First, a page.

In one of Cache County’s most heated Republican primary races in recent memory, Ed Redd came out on top Tuesday night.
The well-known community physician solidly defeated incumbent Rep. David Butterfield by 446 votes, according to the unofficial results posted on the county’s website Tuesday evening. Redd received 1,483 votes (58.8 percent) to Butterfield’s 1,037 votes (41.2 percent) in the Legislative District 4 primary race for the Utah House of Representatives.
“I’m pretty amazed. I didn’t really expect to necessarily win,” Redd said in an interview Tuesday night. “I came into this race not knowing for sure exactly what people were thinking or how they were feeling about the race. I did the best I could to go out and meet people, you know, in their neighborhoods, and I learned a lot from talking to them. That was a great experience.”
Redd credited his supporters, as well as the work of his campaign committee.
“They’ve done a wonderful job of helping me through the process,” said Redd, a former deputy director of the Bear River Health Department who now works as an independent contractor with the agency.
Redd said he’s “humbled” by the support and feels representing District 4 — which covers the majority of Logan — would be a “huge responsibility” if he’s elected in November.
“I want to do the best job I can to reach out to people, to understand what their concerns are and try to be a good representative of them ... if I get elected in November, that is,” he said.
This fall, Redd will square off with Democrat Doug Thompson.
“We’re actually pretty good friends,” Redd said in reference to Thompson. “I’m not in any way assuming that I can just walk into the November election and win it just because — just because I’m a Republican. And so my thoughts are, during the next four to five months, I’m going to spend a lot of time reaching out to people and talking to people.”
Butterfield said Tuesday night he was “disappointed, obviously” with the results.
“We knew it was a tough fight,” he said. “The way I look at it is we ran a good campaign. It was based on principles that I and those who support me believe in.”
Butterfield, the CEO of USU Charter Credit Union, noted that throughout his term in the Legislature, he has tried hard to stay true to his principles.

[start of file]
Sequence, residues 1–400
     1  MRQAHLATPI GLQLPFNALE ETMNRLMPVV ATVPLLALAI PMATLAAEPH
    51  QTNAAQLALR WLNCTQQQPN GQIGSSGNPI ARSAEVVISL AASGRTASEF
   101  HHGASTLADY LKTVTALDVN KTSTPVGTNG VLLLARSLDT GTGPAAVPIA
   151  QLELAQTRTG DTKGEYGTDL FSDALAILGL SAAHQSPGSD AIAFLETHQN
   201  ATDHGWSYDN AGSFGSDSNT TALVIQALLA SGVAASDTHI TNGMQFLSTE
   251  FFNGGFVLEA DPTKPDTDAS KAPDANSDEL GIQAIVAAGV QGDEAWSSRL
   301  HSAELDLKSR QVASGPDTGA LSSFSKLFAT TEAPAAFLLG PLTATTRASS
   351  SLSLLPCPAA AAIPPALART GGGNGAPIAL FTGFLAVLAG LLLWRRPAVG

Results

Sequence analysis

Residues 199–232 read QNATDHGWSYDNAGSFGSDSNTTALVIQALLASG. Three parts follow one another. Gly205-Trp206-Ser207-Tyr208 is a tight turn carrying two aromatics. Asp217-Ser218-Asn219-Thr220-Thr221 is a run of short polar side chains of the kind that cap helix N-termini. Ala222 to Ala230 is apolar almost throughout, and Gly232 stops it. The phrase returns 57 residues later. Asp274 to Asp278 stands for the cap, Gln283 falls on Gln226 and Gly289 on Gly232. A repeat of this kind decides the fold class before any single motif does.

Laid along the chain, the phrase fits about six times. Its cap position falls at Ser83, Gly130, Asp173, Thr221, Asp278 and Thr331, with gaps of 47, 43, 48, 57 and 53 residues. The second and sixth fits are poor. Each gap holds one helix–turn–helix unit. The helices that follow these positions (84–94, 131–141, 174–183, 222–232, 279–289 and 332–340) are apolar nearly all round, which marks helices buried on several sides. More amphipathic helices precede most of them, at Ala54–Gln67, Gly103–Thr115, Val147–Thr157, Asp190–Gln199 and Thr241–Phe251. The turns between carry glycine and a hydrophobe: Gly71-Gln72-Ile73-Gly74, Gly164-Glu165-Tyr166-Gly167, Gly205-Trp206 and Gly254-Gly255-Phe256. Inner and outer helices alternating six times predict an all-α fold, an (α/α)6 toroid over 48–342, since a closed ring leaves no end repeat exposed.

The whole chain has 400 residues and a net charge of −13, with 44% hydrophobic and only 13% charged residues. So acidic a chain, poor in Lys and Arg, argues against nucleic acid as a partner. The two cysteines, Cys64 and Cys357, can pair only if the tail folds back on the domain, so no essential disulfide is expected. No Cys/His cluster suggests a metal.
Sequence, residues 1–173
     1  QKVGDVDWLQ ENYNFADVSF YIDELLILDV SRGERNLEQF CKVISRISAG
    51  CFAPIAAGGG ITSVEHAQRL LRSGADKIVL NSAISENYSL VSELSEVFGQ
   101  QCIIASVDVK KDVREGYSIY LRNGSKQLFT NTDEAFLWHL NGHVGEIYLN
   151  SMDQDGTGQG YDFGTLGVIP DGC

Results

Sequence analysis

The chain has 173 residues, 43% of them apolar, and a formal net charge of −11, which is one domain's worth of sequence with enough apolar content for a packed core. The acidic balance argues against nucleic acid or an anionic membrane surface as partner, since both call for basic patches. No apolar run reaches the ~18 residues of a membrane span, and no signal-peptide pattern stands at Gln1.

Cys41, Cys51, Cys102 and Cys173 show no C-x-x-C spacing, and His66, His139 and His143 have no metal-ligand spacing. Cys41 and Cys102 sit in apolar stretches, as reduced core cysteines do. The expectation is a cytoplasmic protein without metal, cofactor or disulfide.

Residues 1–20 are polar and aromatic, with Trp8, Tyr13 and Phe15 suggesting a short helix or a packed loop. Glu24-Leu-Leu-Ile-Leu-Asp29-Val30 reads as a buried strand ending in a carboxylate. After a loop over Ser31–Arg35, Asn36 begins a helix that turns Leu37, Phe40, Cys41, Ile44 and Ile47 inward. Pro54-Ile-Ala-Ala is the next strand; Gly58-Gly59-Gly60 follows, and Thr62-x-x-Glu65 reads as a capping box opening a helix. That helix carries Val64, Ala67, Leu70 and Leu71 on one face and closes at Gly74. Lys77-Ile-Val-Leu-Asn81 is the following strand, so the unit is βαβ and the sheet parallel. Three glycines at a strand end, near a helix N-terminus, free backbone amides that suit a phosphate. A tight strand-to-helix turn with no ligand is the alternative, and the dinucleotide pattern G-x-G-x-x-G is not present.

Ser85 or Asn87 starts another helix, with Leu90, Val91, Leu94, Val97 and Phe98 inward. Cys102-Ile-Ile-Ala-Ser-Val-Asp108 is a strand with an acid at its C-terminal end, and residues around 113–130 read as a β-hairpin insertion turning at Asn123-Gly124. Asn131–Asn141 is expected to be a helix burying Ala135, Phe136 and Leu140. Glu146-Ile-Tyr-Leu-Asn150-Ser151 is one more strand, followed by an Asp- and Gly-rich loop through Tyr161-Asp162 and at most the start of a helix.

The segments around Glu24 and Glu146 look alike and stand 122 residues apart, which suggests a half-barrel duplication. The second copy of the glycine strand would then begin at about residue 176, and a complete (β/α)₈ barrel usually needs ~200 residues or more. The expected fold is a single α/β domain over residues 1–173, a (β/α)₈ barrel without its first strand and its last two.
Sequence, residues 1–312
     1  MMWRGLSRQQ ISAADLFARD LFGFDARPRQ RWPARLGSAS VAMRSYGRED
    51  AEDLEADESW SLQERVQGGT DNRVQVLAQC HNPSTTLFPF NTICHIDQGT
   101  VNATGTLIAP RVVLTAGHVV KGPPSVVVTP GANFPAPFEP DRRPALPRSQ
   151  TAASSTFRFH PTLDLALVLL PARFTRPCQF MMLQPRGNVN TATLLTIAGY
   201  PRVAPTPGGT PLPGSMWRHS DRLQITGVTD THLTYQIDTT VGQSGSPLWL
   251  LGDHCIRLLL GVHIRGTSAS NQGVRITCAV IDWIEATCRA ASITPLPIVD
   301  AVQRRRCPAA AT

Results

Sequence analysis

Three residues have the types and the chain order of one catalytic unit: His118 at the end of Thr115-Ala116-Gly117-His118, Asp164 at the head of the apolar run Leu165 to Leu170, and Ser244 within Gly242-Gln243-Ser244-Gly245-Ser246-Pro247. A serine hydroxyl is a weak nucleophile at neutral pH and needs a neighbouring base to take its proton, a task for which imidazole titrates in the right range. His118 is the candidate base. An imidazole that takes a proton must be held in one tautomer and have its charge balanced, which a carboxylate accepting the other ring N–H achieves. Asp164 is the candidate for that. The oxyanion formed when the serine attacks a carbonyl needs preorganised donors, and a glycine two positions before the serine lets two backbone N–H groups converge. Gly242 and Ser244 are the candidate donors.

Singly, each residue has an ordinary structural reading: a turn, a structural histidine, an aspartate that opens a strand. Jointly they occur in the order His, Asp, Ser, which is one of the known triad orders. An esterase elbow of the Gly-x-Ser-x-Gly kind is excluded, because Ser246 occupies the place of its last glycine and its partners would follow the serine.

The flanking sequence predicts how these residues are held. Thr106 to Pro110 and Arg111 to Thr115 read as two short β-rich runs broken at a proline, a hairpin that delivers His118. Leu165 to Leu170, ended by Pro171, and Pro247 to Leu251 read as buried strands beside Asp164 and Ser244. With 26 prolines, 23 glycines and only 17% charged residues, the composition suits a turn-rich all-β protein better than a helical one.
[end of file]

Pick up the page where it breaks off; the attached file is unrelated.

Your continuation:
“I was never going to be a legislator that was afraid to stand on principle or that was afraid to ask hard questions and wade into those discussions,” Butterfield said. “I was never going to do that and try to be safe. I think you have an obligation to your constituents and to the state to ask hard questions, and you know, debate things. ... And so I’m not ashamed at all at my two years of service or the campaign.”
Asked about his future, Butterfield said he remains “passionate” about the issues and ideals that “make our country great.”
He added, “But, you know, I’ve got a career and a business to run and a family. So this is not the center of my universe.”
Butterfield said he will formally endorse Redd for the fall contest. He also called Redd on Tuesday night.
“He mentioned that he has respect for me, and I told him that, you know, I thought he ... obviously was a worthy opponent and ran a good campaign,” Butterfield said. “And I wish him well. I wish him well for our district and the state and hope that he’ll be able to serve us as District 4 citizens well, and I’m sure he will.”
In Redd’s home precinct — 21, which takes in the far northeast corner of Logan — he took 88 percent of the vote.
Butterfield, who lives in precinct 29, near Cliffside in southeast Logan, took 58 percent of the vote there. Other than in his own neighborhood, Butterfield did best in some central Logan neighborhoods.
Of the 27 precincts, Butterfield won six, Redd won 20 and they tied in one — precinct 15, which is in central Logan. Redd won at least 60 percent of the vote in eight precincts.
Of the 33 precincts in Logan, the legislative battle involved 27 of them, excluding 17, 25, 27, 30, 31 and 32, all precincts in northwest Logan and a couple in southwest Logan.